Q: What is lim_{x→2} (x-2)/|x-2|

A: This question is not too bad if you know what the function (x-2)/|x-2| looks like graphically. But, let’s say you don’t.

We are going to “talk our way” through this problem to help solidify the concept of a limit.

If you plug in 2 to the function, you are finding the **value of the function when x=2**. This is important, and related, though it is not the limit. This is even sometimes a skill used to **help us find the limit**, but it is still not the limit. Sometimes the function value is equal to the function limit, which can also be confusing, but not all the time. Let’s find the value of the function when x=2:

(2-2)/|2-2| = 0/0 = undefined.

Okay. This function is undefined when x=2. This means there is a hole, or an asymptote, or a break or a jump or some disruption in the continuity of the function.

So, let’s talk about the limit of the function as x approaches 2:

To find the limit as x approaches 2, we need to make sure the left-handed limit and the right-handed limit both exist and are equal.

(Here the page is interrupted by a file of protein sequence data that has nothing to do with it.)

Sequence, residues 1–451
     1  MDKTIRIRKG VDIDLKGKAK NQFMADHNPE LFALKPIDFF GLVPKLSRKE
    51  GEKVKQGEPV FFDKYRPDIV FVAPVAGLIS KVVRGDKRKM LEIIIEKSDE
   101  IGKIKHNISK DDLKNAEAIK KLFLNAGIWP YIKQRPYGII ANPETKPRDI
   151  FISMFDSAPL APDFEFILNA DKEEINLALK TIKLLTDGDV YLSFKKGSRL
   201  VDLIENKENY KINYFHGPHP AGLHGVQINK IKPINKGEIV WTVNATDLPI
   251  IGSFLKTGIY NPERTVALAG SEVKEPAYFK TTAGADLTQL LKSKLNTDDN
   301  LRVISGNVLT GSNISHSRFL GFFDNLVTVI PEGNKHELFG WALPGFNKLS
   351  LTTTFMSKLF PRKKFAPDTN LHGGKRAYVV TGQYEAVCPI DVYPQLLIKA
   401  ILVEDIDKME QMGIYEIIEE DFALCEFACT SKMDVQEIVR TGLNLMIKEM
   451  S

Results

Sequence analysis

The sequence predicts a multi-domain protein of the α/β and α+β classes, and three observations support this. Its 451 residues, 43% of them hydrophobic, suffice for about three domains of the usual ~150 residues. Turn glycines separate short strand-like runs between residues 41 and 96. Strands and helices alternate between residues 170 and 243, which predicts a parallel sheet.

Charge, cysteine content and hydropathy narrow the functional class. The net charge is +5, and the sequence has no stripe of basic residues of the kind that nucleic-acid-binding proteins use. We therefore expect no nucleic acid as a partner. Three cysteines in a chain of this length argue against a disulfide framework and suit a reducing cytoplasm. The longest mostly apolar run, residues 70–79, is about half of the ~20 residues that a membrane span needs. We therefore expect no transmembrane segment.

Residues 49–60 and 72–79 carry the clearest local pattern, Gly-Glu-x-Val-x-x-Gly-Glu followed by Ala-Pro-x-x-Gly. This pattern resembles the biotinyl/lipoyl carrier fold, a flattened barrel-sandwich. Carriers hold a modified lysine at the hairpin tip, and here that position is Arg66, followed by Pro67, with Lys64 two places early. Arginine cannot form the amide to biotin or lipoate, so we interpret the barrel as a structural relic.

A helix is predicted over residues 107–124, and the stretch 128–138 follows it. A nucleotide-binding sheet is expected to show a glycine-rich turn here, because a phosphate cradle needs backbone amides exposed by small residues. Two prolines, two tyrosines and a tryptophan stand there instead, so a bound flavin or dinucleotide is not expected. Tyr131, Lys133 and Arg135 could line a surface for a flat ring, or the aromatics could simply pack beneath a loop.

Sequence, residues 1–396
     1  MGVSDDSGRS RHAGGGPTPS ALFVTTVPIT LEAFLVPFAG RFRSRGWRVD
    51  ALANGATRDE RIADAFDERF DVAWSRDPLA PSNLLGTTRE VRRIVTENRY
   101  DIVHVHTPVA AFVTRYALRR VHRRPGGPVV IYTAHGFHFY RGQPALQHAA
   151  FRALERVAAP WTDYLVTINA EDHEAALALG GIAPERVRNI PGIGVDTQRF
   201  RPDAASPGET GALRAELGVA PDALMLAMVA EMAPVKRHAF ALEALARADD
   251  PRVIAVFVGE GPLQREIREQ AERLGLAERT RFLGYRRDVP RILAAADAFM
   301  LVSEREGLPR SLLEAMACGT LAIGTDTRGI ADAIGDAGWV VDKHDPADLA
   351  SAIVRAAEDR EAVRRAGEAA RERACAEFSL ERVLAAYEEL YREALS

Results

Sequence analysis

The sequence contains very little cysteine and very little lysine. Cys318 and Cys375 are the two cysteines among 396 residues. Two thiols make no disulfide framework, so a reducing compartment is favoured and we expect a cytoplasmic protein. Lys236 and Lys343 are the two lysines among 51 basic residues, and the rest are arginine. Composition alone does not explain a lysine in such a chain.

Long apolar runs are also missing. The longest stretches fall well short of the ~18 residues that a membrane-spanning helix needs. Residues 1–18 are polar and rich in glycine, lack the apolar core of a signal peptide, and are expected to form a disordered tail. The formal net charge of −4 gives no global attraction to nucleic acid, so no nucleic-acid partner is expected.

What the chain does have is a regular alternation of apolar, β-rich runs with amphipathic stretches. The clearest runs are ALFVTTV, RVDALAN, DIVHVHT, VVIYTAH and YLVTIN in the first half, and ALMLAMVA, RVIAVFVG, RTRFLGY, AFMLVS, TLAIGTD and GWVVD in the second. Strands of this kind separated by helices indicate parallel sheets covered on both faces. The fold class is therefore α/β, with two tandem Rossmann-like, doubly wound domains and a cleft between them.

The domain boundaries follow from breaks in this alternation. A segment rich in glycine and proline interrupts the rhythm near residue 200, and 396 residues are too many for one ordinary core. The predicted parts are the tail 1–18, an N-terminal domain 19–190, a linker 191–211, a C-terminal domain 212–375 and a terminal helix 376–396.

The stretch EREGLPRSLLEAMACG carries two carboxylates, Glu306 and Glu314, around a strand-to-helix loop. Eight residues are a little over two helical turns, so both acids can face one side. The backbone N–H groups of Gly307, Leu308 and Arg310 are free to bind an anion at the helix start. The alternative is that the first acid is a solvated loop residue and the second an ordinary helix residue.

I’m going to start with the right-handed limit (remember, this means we are getting closer and closer to 2 from the top-side). We are going to do this by clever analysis:

When x=3, we get (3-2)/|3-2| = 1

When x=2.5, we get (2.5-2)/|2.5-2| = 1

When x=2.01, we get (2.01-2)/|2.01-2| = 1

See the pattern here?

When x>2, the function ALWAYS equals 1 (*tricky function huh?)*.

So this tells us about the right-handed limit at 2:

lim_{x→2+} (x-2)/|x-2| = 1

Now, let’s trying the left-handed limit at 2, again by analysis:

When x=1, we get (1-2)/|1-2| = -1

When x=1.5, we get (1.5-2)/|1.5-2| = -1

When x=1.99, we get (1.99-2)/|1.99-2| = -1

Again, a pattern: When x<2, the function ALWAYS equals -1.

This tells us about the left-handed limit at 2:

lim_{x→2-} (x-2)/|x-2| = -1

**Since the right-handed limit at 2 ≠ the left-handed limit at 2, “the limit at 2” does not exist. ***The right-handed limit must equal the left-handed limit to have a “complete limit” so to speak. The concept: If I walk the path from the left, and you walk the path from the right, we better think*** **we are going to the same place.

Here is a picture of the function just for fun. See what is happening as x approaches 2 from the right? See what is happening as x approaches 2 from the left? And, see what happens exactly at 2?

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